Ambulance service improvements 'must be made'
Improvements must be made to the ambulance service in the South West, following an inspection by the Care Quality Commission (CQC).
South Western Ambulance Service's systems for "caring" were rated as outstanding but other areas required improvements.
These included emergency and urgent care provision and patient transport.
The inspection was carried out in June after a previous CQC report which found the trust's 111 service was inadequate.
In the latest findings inspectors also raised concerns about call centre staff being too busy to report verbal abuse from the public.
Among the areas requiring improvement, the report said the trust had to ensure "work intensity and fatigue" was monitored to mitigate risks to staff.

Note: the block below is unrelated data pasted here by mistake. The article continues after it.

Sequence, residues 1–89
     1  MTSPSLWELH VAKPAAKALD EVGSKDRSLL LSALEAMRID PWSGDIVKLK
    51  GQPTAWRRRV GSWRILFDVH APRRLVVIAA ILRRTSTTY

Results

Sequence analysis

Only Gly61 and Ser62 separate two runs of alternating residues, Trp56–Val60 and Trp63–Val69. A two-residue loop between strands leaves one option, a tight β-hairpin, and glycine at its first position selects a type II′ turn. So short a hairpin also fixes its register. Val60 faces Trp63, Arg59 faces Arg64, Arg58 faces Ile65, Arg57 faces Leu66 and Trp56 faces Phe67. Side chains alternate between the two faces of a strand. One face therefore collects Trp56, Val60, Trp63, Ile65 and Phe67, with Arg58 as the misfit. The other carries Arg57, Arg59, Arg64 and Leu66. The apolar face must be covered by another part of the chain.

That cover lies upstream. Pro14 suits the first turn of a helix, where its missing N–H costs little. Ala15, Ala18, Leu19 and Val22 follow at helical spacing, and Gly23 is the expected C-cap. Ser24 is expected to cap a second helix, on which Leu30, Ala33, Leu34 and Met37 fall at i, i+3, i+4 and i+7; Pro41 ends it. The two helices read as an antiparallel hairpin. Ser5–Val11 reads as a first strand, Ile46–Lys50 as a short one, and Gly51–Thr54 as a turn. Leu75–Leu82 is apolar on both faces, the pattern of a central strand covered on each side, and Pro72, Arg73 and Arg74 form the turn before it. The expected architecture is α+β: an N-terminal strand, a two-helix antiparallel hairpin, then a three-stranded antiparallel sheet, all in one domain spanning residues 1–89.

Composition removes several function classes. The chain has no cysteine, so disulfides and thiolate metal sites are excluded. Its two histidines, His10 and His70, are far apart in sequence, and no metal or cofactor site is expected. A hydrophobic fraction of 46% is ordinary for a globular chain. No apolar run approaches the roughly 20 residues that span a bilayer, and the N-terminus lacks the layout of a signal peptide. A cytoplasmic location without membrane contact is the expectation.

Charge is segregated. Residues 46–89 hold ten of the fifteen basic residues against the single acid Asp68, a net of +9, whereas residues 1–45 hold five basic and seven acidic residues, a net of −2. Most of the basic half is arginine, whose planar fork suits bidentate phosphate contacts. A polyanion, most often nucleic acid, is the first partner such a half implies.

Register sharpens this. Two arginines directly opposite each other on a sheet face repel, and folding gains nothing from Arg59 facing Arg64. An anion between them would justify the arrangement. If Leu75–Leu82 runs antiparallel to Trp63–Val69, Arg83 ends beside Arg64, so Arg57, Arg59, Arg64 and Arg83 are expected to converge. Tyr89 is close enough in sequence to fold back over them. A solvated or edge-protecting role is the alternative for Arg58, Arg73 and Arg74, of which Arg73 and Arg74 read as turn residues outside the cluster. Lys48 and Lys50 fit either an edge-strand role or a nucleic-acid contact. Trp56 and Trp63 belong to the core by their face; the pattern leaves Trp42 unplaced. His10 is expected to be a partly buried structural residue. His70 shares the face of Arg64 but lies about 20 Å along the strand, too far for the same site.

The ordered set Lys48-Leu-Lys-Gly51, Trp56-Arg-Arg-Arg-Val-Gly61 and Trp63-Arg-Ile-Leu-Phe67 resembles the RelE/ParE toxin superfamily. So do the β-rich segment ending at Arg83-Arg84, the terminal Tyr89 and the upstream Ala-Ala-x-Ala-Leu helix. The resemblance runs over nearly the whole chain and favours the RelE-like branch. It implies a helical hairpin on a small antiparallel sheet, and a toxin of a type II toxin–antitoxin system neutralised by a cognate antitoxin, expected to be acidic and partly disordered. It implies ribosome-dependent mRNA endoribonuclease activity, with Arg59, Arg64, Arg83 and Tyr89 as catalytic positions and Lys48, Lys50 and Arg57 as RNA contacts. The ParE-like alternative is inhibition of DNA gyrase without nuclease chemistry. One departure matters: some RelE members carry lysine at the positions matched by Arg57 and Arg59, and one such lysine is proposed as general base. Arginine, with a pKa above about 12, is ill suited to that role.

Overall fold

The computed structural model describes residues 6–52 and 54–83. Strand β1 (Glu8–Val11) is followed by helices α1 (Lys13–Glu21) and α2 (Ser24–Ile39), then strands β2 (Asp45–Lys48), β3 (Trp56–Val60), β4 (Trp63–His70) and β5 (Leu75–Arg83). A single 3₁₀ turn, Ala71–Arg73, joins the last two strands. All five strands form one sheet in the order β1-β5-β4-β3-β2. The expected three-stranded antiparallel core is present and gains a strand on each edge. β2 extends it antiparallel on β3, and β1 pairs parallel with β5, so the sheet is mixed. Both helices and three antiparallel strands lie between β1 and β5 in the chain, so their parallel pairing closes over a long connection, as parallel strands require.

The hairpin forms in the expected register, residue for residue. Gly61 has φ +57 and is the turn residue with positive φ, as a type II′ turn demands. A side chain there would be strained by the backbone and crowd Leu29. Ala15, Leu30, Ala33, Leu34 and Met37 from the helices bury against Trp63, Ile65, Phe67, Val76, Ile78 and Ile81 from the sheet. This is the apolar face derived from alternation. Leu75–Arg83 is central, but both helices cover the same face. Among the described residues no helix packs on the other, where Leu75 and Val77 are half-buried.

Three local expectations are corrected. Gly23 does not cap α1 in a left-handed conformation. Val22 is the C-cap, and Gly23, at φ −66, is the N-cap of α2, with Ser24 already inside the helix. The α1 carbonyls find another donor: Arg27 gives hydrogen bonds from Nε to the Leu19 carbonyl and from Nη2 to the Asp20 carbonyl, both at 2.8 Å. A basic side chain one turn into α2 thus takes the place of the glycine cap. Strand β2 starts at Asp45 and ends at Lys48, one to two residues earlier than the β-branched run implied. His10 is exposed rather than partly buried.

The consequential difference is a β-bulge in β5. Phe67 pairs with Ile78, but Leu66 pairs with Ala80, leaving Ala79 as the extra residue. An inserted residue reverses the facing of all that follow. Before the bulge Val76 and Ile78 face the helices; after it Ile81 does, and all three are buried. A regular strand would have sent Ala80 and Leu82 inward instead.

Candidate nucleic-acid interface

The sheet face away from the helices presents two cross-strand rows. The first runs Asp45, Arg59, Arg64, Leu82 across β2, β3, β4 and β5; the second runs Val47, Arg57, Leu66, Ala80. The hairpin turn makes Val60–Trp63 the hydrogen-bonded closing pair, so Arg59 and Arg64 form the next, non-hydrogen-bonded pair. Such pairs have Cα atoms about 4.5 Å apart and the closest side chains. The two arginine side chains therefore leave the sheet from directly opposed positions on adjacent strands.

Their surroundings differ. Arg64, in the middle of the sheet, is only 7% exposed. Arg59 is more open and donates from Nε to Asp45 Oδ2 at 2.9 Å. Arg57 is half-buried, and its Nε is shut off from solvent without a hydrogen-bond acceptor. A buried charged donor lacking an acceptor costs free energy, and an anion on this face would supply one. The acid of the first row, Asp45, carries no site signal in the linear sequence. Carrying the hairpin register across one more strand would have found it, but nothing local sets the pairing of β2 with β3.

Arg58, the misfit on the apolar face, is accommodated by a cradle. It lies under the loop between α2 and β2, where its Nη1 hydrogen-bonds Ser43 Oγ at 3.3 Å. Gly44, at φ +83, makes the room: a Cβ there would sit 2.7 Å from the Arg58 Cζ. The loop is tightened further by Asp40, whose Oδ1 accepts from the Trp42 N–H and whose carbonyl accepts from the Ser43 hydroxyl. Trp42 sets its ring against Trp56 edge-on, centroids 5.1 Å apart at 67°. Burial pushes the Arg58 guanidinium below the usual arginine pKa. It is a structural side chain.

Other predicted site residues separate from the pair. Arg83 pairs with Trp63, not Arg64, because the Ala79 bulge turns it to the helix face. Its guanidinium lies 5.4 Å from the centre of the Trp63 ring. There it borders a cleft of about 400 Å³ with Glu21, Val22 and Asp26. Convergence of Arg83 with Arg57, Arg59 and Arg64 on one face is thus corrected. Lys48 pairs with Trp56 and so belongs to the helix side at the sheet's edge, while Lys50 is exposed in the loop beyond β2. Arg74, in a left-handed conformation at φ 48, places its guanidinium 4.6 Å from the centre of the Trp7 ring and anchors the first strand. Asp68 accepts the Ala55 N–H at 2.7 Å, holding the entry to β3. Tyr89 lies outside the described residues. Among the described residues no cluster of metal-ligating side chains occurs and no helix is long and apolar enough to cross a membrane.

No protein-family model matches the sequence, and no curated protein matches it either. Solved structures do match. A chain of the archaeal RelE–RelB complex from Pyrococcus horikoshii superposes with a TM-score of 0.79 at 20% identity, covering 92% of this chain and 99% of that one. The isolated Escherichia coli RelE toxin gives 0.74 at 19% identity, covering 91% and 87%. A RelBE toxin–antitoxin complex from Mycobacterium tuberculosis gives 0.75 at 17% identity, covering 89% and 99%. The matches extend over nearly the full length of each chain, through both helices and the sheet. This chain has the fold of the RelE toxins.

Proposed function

It also said controlled medicines had to be stored securely in ambulances and cars when crews were not present.
The ambulance service covers the greater South West of England, including include Devon, Cornwall and the Isles of Scilly, Dorset, Somerset, Bristol, Gloucestershire and Wiltshire.
Chief Executive Ken Wenman said the report, which rated the service overall as "requires improvement", was fair.